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Effexor May Cause Anorexia

By November 22, 2010Uncategorized

The relatively popular antidepressant drug Effexor is said to be causing another side effect that most people hadn’t banked on. Some doctors are saying that Effexor actually causes anorexia.

It is well known that most antidepressants can come with a slew of negative side effects including severe allergic reactions, nausea, diarrhea, mood swings, insomnia, hallucinations and seizures. They also come with less serious ones, such as drowsiness, dizziness, nervousness, weird dreams, sweating, blurred vision, dry mouth, mild nausea, constipation, lower sex drive, impotence and difficulty having an orgasm.

However, it is not often reported that some people are using drugs like Effexor and Paxil more as appetite suppressants than in combating depression. Since doctors can only go on what their patients tell them about their “symptoms,” it is easier and easier for new patients to get their hands on these pills.

Effexor now is being directly associated with anorexia (not to be confused with the eating disorder anorexia nervosa). This form of anorexia is caused by a loss or decrease in appetite and is one of the most common side effects of taking Effexor. While just 8 percent of those taking Effexor for depression experienced anorexia compared to 20 percent in those taking it for social anxiety disorder, the effect is still alarming.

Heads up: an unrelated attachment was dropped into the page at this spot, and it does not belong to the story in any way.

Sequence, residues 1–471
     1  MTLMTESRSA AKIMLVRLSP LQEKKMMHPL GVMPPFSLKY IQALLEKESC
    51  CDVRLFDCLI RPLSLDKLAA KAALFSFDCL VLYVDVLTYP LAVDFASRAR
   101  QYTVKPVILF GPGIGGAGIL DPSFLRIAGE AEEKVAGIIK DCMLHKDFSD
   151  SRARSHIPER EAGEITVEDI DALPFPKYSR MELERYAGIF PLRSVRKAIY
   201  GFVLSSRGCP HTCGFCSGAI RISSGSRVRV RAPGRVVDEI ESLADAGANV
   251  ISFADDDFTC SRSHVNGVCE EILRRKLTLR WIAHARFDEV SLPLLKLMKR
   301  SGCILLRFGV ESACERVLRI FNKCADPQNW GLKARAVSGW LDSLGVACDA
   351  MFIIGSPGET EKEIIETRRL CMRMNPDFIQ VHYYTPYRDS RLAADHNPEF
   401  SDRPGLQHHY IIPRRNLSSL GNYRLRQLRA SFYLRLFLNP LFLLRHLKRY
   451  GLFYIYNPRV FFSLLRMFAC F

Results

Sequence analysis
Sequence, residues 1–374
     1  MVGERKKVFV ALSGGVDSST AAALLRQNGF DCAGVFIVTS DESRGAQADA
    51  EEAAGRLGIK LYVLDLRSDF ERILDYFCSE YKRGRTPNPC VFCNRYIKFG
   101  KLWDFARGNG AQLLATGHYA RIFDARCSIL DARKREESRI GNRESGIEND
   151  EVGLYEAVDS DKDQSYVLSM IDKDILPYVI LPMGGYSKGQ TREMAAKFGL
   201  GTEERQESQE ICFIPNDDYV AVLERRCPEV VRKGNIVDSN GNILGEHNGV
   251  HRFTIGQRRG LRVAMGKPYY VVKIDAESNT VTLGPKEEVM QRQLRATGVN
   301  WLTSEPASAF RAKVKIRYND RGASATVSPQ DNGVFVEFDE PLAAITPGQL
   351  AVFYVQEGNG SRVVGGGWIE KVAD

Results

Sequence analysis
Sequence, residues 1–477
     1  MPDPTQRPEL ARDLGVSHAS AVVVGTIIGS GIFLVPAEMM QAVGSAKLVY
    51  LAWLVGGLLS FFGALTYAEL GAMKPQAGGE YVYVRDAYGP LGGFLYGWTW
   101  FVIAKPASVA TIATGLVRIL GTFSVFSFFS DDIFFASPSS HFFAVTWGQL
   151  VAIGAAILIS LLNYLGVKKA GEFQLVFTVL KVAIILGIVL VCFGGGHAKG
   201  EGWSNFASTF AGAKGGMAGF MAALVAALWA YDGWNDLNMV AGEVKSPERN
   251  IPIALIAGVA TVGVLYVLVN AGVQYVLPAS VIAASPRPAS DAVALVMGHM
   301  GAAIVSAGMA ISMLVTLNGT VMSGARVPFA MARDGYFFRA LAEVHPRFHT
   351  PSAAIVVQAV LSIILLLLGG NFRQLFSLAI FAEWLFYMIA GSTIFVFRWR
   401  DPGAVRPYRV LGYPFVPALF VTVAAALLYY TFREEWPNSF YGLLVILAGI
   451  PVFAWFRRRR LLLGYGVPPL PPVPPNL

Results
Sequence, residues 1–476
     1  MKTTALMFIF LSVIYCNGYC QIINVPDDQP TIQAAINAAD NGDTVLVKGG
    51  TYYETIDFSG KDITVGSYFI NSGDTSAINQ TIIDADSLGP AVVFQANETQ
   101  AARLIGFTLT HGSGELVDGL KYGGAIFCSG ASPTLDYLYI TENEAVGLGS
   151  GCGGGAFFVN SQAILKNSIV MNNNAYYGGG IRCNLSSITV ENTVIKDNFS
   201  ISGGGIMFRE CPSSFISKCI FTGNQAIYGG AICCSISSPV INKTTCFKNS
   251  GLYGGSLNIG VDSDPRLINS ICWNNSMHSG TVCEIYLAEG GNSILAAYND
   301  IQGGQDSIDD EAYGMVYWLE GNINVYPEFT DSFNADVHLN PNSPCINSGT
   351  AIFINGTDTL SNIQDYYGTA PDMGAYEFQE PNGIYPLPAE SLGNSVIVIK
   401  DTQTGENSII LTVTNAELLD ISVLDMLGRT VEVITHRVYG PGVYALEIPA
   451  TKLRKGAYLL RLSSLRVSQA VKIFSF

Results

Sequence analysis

The anorexia side effect has caused some people to refuse taking Effexor. Even though Effexor poses many of the same risks that Paxil does, not all patients deem the anorexia as a bad thing. This can also pave the way for patients taking Effexor to ignore the extreme risks of addiction that Effexor poses, as well as the potential that exist for patients to abuse the drug in an effort to lose weight. One thing that most people don’t know until they are on Effexor is that it is the hardest drug to come off of. The withdrawal effects are dastardly, causing many doctors to only prescribe it for patients that are expected to stay on the drug long-term.